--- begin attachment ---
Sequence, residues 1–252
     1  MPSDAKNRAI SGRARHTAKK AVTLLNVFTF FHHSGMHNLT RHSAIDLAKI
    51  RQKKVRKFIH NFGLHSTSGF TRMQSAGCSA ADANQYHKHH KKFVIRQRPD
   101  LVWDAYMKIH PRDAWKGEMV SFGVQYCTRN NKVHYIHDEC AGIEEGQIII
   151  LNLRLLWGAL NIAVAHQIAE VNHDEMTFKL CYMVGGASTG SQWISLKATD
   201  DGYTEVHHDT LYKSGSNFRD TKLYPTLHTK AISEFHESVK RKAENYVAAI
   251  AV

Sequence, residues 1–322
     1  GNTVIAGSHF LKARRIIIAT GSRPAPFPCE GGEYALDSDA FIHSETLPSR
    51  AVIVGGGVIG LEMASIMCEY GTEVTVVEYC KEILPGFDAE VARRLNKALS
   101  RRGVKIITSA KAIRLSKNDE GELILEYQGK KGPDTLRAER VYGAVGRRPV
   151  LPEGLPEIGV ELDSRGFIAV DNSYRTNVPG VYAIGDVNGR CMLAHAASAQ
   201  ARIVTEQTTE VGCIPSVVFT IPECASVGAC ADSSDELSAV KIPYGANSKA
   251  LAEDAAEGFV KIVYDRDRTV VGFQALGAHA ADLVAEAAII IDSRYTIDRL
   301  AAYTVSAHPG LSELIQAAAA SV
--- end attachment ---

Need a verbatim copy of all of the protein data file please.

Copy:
Sequence, residues 1–252
     1  MPSDAKNRAI SGRARHTAKK AVTLLNVFTF FHHSGMHNLT RHSAIDLAKI
    51  RQKKVRKFIH NFGLHSTSGF TRMQSAGCSA ADANQYHKHH KKFVIRQRPD
   101  LVWDAYMKIH PRDAWKGEMV SFGVQYCTRN NKVHYIHDEC AGIEEGQIII
   151  LNLRLLWGAL NIAVAHQIAE VNHDEMTFKL CYMVGGASTG SQWISLKATD
   201  DGYTEVHHDT LYKSGSNFRD TKLYPTLHTK AISEFHESVK RKAENYVAAI
   251  AV

Sequence, residues 1–322
     1  GNTVIAGSHF LKARRIIIAT GSRPAPFPCE GGEYALDSDA FIHSETLPSR
    51  AVIVGGGVIG LEMASIMCEY GTEVTVVEYC KEILPGFDAE VARRLNKALS
   101  RRGVKIITSA KAIRLSKNDE GELILEYQGK KGPDTLRAER VYGAVGRRPV
   151  LPEGLPEIGV ELDSRGFIAV DNSYRTNVPG VYAIGDVNGR CMLAHAASAQ
   201  ARIVTEQTTE VGCIPSVVFT IPECASVGAC ADSSDELSAV KIPYGANSKA
   251  LAEDAAEGFV KIVYDRDRTV VGFQALGAHA ADLVAEAAII IDSRYTIDRL
   301  AAYTVSAHPG LSELIQAAAA SV